Once upon a time I lived in the middle of an isthmus. Toward the end of a lovely year made possible by the fine people at the Wisconsin Institute for Creative Writing, I gave a reading. This reading was noteworthy partly because I was wearing the best shoes ever, but also because people seemed to enjoy it, so much so that an audience member emailed me a few days later and asked if he could buy the story I read.
This request both flattered and amused me, because it was not, at that point, possible to buy anything I’d written. It was terribly exciting then that every once in a while someone would like what I’d written and buy me a vodka tonic. Actually, that still is terribly exciting. Point being, I told kind audience member that I could not, in fact sell him the story, but I’d be happy to give him a copy.
When he came by to pick up the copy of the story, he said that he was a visual artist, and because he appreciated my willingness to give him my work, he’d brought me a sample of his– a photo of a sculpture he’d been working on, accompanied by a note describing its creation process. The sculpture was glass and metal and read, in its entirety, “living language,” and he said it seemed like something I’d appreciate. Upon reading the note,I discovered the red in the sculpture came from the artist’s own blood, which he’d been methodically extracting pint by pint over a long period of time, and incorporating into the sculpture, which had some method for controlling temperature and oxygen level. ( I wish I could be more precise here, but alas, Madison was four moves ago, and the note itself got lost during one of those moves. Also missing: one half of the aforementioned awesome pair of shoes. Not a lot a girl can do with only one red patent leather and cork pump.)
I shared my office with the other institute fellows, and when one of my esteemed poet friends came back into the office and saw my gift, he said something like:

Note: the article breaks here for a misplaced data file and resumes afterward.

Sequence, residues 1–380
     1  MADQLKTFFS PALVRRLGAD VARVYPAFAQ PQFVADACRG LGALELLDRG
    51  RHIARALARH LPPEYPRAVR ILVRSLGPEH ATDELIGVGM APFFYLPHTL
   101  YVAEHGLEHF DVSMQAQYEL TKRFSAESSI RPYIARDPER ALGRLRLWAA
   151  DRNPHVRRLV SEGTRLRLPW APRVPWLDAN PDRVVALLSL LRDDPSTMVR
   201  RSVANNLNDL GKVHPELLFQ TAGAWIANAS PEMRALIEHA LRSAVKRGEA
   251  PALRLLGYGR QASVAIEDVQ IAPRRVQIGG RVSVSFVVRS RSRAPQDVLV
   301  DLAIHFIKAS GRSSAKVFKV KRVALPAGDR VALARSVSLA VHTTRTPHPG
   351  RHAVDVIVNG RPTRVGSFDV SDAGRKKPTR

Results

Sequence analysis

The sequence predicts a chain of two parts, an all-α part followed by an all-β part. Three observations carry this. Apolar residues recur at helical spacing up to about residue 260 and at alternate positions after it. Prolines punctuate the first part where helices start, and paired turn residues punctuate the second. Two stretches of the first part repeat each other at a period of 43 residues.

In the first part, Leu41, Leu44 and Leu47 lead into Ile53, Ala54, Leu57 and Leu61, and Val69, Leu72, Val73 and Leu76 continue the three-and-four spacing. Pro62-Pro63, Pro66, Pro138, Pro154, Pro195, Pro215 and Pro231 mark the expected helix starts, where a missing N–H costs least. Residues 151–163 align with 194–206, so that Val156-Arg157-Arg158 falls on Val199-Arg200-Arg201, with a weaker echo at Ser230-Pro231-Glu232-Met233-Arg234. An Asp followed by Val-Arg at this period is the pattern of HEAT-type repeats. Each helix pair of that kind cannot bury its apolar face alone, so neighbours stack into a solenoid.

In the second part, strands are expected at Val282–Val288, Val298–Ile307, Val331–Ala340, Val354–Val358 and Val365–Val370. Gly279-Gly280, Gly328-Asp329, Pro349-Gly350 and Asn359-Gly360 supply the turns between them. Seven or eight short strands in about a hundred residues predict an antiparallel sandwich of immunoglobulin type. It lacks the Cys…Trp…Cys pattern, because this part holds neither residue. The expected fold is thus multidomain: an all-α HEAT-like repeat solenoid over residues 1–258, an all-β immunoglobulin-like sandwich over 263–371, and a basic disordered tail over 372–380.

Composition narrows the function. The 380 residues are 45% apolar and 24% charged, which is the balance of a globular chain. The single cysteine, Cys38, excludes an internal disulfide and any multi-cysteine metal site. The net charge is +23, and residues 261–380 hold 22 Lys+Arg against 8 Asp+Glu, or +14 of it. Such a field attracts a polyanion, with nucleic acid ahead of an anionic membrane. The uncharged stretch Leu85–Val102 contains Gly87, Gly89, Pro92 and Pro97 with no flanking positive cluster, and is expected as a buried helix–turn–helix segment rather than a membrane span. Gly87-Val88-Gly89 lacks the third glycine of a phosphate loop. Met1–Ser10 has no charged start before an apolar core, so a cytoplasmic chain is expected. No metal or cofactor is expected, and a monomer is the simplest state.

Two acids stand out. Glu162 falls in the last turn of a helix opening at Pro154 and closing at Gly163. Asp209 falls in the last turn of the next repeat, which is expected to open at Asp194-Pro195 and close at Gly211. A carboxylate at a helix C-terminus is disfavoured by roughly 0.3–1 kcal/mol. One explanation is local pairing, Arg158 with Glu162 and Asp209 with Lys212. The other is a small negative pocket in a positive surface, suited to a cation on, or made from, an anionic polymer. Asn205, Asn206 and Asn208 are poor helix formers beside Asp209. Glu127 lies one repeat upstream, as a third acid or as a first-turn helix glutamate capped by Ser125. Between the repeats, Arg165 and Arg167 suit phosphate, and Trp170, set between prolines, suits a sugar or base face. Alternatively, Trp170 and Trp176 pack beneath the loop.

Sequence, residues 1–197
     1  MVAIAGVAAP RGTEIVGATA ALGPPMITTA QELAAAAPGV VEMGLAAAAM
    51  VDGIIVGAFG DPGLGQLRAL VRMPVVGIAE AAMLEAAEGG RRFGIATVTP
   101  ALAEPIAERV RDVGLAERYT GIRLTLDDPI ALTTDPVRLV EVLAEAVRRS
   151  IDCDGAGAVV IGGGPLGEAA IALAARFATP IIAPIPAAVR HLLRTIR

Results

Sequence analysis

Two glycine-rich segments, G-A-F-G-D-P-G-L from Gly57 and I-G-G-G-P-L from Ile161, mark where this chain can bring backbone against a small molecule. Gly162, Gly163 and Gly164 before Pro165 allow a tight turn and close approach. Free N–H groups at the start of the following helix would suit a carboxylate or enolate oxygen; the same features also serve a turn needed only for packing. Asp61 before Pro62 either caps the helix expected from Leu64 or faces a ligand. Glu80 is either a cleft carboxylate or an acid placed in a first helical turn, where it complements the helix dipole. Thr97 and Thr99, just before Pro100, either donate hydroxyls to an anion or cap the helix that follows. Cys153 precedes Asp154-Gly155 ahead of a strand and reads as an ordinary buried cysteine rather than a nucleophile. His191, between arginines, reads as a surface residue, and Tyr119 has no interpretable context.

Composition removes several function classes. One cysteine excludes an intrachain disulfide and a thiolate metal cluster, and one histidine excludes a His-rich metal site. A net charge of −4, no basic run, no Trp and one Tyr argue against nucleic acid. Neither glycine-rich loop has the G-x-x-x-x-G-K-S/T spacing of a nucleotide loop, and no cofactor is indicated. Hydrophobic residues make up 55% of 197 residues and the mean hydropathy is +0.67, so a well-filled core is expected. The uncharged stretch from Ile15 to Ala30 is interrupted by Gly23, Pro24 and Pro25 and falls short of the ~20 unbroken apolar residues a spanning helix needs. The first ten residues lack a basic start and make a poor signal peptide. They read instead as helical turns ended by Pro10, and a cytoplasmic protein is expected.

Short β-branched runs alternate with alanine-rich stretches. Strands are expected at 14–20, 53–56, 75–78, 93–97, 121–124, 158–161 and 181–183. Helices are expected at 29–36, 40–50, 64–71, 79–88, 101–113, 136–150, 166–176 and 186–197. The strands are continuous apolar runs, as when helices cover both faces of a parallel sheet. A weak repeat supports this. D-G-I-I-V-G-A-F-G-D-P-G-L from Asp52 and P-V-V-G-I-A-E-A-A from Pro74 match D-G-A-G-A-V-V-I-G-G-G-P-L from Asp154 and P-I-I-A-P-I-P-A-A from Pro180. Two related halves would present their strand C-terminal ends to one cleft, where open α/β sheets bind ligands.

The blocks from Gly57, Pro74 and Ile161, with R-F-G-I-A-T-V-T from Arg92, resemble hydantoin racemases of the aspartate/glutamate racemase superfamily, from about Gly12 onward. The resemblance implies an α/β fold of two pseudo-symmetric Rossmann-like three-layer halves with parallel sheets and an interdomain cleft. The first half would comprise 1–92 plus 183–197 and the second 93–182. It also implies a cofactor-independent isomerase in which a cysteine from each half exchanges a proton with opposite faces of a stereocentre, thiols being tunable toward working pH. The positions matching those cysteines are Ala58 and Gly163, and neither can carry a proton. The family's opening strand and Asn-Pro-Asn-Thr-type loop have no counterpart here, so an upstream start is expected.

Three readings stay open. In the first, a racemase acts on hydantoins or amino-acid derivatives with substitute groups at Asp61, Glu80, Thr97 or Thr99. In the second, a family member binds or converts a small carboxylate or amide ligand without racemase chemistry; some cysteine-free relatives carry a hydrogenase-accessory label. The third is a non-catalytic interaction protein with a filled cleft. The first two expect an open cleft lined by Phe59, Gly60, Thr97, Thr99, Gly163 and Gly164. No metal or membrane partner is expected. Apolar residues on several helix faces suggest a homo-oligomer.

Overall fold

“Someone came by the office and gave you a picture of his blood?”
We had some sort of conversation about the degree to which this was odd and the degree to which this was cool, and I decided it was both, and also that I was going to hang the picture over my desk, because it seemed most appropriate there. The picture has stayed above my desk in all subsequent moves, because it is sort of oddly appropriate, and because it was the first tangible and non-consumable thing anyone ever gave me for my writing.
I say all that to say, I have reached the point in my novel where the writing process feels a bit like methodically extracting one’s own blood to make it into something different– a little bit painful, a little bit tedious, a little bit lovely, a little bit exhilarating, a little bit frightening, a little bit undeniably personal, a little bit clinically sterile, a lot of trying to turn something ordinary into something else. In order to speed this process up, I am trying to step back from the internet for the next few weeks. In the meantime, I’ve posted a page for additional early reviews of Before You Suffocate Your Own Fool Self, and made a facebook page for the book (see below). I’ll check back in if there’s any major book news, but if not, I shall be back to more interesting blog posts in a month or so. Happy midsummer, blog readers.